Friday, October 7 2022

August 24, 2022

By Paige Burnel/

On August 9, the San Diego Gulls signed Logan Nijoff to a two-year contract starting in the 2022-23 season after the center appeared in the last three games of the 2021-22 regular season with the club during an amateur tryout.

“It’s definitely not fully understood yet,” Nijhoff said. “I’ve actually been in Regina (Saskatchewan) all summer just to get more opportunities to train and skate here with some high caliber players. I decided to move here for the been instead of staying at home in Comox BC and as far as he settles down it’s not quite there yet I don’t think it will likely be until I be out there and start, but it’s definitely going to be an exciting change. I’m super excited for this challenge and the opportunity to come.”

Signing a professional contract with the Gulls is the culmination of a remarkable career in the Western Hockey League with the Regina Pats as center, who reached career highs in both a statistical and Community point of view.

The 21-year-old went 25-24=49 points in 57 WHL games to set career highs in goals, assists, points, PIM (85) and faceoff percentage (58). .3%).

Nijhoff accomplished that by serving as the Pats’ captain for the past two seasons and going 61-62=123 points with a +22 rating and 253 PIM in 231 career WHL games from 2016-22.

“I’ve been very fortunate to have such an important role in Regina in all aspects of the game and I’m certainly looking forward to being able to bring that to San Diego,” Nijhoff said. “Having that opportunity to get my feet wet last year definitely helped me improve on what I need to improve throughout the offseason so I can have an impact next year.”

Additionally, Nijhoff has spent the past three years serving as a player ambassador for Hockey Gives Blood, a non-profit organization working to promote blood and stem cell donation in the hockey community in partnership with Canadian Blood Services. .

“Right away, I wanted to get involved with having a grandmother who needed blood transfusions all her life, and my other grandmother was a blood donor all her life,” Nijhoff said. “It’s definitely a cause I wanted to support and do whatever I could in the community to help those in need. It’s pretty amazing how many people need blood when you really dive into it and it’s something people my age don’t do. I don’t really do it, so I saw it as an opportunity to be a leader in the community and help where I could.”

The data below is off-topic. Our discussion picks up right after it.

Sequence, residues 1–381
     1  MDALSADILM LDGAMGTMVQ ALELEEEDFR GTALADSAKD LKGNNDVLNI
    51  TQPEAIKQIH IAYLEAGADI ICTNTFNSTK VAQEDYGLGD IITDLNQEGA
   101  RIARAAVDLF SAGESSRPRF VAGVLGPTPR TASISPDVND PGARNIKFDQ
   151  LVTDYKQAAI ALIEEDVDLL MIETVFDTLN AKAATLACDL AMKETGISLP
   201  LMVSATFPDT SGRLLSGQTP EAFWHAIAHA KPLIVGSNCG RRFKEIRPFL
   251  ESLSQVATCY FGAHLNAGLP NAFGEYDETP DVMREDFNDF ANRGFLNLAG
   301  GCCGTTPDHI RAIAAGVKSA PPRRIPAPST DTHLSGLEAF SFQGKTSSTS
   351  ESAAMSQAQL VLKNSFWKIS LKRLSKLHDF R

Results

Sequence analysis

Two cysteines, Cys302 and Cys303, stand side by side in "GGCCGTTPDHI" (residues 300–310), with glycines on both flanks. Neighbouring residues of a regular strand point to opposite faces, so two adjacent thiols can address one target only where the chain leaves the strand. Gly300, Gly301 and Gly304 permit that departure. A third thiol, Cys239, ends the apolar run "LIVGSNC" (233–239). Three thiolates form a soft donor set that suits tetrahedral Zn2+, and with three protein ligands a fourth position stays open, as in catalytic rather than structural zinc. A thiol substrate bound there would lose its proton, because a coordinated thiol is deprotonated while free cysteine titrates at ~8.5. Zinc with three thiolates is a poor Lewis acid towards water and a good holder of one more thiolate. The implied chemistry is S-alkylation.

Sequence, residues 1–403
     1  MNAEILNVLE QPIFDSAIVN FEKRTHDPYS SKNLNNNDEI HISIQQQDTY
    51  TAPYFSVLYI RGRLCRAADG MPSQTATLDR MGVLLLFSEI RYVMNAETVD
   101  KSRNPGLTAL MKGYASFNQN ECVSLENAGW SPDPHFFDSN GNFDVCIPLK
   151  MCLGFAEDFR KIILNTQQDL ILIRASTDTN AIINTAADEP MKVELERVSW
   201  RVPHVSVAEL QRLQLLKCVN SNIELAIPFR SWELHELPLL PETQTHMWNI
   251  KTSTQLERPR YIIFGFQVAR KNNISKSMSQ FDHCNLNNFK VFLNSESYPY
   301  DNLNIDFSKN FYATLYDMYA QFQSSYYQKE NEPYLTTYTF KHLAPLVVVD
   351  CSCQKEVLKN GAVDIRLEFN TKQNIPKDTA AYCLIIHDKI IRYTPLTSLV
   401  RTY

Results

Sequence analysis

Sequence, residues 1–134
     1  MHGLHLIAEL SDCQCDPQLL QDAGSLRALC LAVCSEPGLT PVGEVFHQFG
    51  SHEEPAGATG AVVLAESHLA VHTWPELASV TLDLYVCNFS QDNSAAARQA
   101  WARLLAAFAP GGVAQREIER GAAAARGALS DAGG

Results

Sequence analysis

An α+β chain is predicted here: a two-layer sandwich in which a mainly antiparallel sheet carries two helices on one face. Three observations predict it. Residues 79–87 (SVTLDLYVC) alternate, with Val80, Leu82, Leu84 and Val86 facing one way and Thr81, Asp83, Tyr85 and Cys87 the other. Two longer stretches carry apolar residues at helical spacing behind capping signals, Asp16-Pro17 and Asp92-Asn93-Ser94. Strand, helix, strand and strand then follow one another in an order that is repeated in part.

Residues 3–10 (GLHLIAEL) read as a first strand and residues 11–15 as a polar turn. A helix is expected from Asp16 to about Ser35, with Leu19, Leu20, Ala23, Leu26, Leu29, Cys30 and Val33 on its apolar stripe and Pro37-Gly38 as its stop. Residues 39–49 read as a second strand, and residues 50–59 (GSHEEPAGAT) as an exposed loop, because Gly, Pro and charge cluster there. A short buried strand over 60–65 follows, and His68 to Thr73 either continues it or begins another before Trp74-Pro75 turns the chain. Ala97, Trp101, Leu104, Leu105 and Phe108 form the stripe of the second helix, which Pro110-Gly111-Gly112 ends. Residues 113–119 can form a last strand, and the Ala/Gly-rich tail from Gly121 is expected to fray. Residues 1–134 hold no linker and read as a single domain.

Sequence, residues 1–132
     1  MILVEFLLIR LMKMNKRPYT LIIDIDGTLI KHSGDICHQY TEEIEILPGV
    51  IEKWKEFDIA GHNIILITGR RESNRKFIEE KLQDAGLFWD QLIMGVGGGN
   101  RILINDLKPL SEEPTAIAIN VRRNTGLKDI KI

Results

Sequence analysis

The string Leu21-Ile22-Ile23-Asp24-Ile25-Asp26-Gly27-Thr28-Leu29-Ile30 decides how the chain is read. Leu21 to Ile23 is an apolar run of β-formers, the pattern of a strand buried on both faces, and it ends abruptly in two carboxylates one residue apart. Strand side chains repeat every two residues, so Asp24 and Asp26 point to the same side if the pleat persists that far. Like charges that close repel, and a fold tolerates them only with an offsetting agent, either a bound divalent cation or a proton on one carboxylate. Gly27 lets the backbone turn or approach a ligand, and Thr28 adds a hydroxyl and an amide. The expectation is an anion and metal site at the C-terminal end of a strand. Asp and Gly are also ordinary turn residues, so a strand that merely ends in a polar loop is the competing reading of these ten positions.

In April, Nijhoff became the fourth recipient of Hockey Gives Blood’s Dayna Brons Honorary Award, which is given annually to an individual in the Canadian hockey community who demonstrates exceptional dedication and sacrifice to patients who depend on blood and stem cell products in Canada.

“He really reached the top and set a new standard for what it means to be a player ambassador and to keep our program authentic and doing it for the right reasons,” said Stu Middleton, president and co-founder of Hockey Gives Blood. . “He does it continuously and it’s part of his personality and the makeup of the person he is.”

Through his Every Face-Off Counts campaign, which called on people to donate for every puck the center won, Nijhoff raised $8,180 for Canadian Blood Services.

This is very significant considering he won a team leading 818 of 1,404 faceoffs (58.3%) in 2021-22, ranking third among WHL skaters in game winning percentage and fifth in gambling victories.

“After winning the Dayna Brons Honorary Award, I felt extremely humbled and honored to be recognized for such a special award,” said Nijhoff. “It’s an honor to help continue Dayna’s legacy and to help inspire others to give back like Dayna did.

“I would rank this award tied at the top of the list for my professional achievements.”

Nijhoff’s execution of his philanthropic campaign is a perfect representation of how the traits he showed as a player ambassador will continue to translate to the ice, which means he will provide his new flock in San Diego much more than head-to-head victories.

“The traits of being a blood donor and a hockey player really intersect,” Middleton said. “Being a blood donor takes commitment, sacrifice and dedication, much like the traits of a hockey player trying to reach the highest level.”

Nijhoff’s work on and off the ice goes hand in hand in many ways. Now that the center is playing hockey at a higher level, his role with Hockey Gives Blood will evolve somewhat.

The native of Comox, British Columbia will see his role as ambassador change now that he plays for the Gulls in the United States, but that has only created the opportunity for Nijhoff to establish a new set of precedents for Hockey Gives Blood as a mentor for player ambassadors upon entering the program.

“Logan’s biggest trait is leading by example, so there’s nothing he asks anyone to do that he wouldn’t do himself,” Middleton said. “That’s where the mentorship comes in and when these young players see a professional hockey player like Logan juggle a nonprofit and play hockey at a high level, it really shows them firsthand what it can be. done and that there’s an impact from that kind of community goodwill I think Logan does a really good job of balancing that but also making that an integral part of who he is and people look up to him for that. When they see him doing it and making it so easy, it inspires others to get involved.”

Nijhoff may seem easy, but the center is very aware of the challenges that await him in his new role with the Gulls. The rookie is excited about the prospect of having his own mentors. Nonetheless, he will impact the Gulls both as a hockey player and as a person.

“This year is going to be a big change for me,” Nijhoff said. “I’m looking forward to bringing to the team what I’ve learned in the past and hopefully we’ll have a really good season.”




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